5. Now hang the canvas and paint on a mixture of latex thinned with water. Don’t use carpet latex for this. Alternatively a mix of silicone caulking thinned with naphtha may also work.

6. While this is drying I inserted the lag bolts 16in from the can’s bottom using nuts and washers as mentioned above. I’ll use this to mount it later. If you wish to mount it in some other way then skip this step.

 

7. Pre-drill a hole for the eyehole screw and insert it into the center of one side of your wood disk. This should extend into both pieces of wood but not through. It will have to hold up to much of the force so make sure it is secure. Then using the link fastener (the kind with a nut closure on it, not the snap kind that can come undone) attach the bungee to the eyehole screw

 

 

8. Put the bungee and canvas into the top of the can and secure the bungee hooks to the four eye bolts with Duct Tape so that they will not come loose when firing.

9. Now turn the can right side up and situate your canvas diaphragm across the opening. The wood center should just pull the bungee tight without actually stretching them. The can top has basically two ridges on it. Using the 48in bungee secure the canvas below the second ridge.

 

Then fold the canvas up over then bungee into the can and secure the canvas with the ratcheting tie down strap between the first and second ridges. Do not over tighten or you may crush the can.

10. Cut off any excess canvas and attach a handle. I used a fog machine bracket and secured it with drywall screws. Then I coated the canvas with straight latex for good measure to make it more airtight.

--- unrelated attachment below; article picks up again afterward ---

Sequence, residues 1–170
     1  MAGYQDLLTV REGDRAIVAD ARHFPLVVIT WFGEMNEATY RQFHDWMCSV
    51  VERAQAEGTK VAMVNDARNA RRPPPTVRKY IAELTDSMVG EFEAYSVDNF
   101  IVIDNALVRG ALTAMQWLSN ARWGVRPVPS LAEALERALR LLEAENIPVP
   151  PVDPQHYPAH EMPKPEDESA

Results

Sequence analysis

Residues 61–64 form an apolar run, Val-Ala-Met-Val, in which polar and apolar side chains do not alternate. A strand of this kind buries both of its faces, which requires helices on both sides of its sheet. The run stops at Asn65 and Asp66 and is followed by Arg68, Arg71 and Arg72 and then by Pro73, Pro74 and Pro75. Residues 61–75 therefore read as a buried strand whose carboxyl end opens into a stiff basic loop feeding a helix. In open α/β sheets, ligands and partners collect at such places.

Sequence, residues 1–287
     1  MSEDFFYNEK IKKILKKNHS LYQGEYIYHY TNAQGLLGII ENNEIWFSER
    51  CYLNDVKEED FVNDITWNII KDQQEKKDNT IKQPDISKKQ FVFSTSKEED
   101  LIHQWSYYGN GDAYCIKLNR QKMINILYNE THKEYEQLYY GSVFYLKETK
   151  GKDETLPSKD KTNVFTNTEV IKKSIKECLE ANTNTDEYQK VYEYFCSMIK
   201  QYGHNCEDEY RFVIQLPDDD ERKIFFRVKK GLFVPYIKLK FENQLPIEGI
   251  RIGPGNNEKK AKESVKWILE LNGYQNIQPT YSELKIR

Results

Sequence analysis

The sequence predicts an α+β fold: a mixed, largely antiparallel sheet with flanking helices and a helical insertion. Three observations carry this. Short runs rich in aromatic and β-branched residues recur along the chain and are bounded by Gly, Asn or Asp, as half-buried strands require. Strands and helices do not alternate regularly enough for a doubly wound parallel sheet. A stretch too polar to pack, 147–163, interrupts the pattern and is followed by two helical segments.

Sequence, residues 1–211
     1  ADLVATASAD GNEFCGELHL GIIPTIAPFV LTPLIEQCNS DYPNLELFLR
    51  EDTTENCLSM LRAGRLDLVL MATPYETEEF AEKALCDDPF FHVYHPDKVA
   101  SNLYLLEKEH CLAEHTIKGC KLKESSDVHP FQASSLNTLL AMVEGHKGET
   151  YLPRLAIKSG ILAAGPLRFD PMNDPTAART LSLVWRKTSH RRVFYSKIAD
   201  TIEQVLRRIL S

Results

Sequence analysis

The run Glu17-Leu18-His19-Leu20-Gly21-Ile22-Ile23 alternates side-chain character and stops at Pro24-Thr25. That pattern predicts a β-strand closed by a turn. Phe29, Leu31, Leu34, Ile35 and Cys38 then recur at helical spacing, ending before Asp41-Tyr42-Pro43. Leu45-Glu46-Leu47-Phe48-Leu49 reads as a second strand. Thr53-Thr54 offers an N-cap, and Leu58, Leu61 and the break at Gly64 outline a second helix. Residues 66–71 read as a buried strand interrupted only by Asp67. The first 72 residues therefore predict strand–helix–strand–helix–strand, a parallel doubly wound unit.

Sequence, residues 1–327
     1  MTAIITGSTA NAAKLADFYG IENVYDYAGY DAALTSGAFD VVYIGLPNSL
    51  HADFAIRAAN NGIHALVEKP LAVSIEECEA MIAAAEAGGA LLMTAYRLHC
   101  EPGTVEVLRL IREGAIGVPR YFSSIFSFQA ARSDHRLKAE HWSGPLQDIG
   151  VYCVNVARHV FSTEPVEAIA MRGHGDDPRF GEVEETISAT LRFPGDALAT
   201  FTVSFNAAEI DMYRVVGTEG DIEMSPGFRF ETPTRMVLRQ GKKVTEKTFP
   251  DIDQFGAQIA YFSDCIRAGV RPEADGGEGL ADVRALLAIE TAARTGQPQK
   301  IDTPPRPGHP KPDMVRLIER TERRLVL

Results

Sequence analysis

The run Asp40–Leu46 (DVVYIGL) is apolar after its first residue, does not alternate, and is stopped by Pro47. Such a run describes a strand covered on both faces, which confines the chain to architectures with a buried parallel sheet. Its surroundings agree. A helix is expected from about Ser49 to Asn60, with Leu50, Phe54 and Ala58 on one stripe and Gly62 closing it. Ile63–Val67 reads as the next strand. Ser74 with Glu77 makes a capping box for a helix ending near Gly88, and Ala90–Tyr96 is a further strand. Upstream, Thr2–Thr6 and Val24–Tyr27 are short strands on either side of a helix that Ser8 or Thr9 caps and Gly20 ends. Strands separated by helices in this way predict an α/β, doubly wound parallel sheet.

Here’s how we used a standard AirZooka last year. It was a last minute idea that paid off. The AirZooka was attached to the back of a wall with drywall screws and aimed through a hole. The hole turned into a cheesy monster mouth with Great Stuff foam, and was situated behind guests as they looked at some eye candy. Whomp, and they got blasted in the back. It worked extremely well for very little money.

 

 

 

 

 

Parts List

1 - 33 gallon galvanized metal garbage can.

1 - piece of painter's canvas 6ft square

1 - 12ft ratcheting tie down strap

Many, Many 1 1/2in drywall screws

1 - nut type link fastener

4 - eye bolts 1/4-20

2 - 1/4 in X 6in lag bolts for mounting the MegaZooka

6 - 1/4 in x 1.5in fender washers

12 - 1/4in lock washers

12 - 1/4in jam nuts

2 - 36in bungee straps

1 - 48in bungee strap

1 - eye screw 0-2 7/8

2 - 10in diameter wood circles cut from 1in thick wood

liquid latex

1 - handle (I used a fog machine bracket)

Duct Tape

Chip Brush for the latex

Liquid Nails

I may have missed something so use your best judgment.

Here's a photo of the MegaZooka

with the AirZooka for comparison.

This is a lousy photo of the smoke ring.

It shoots 30-40 feet really fast.

We had a hard time catching it on film.

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Last modified: July 11, 2006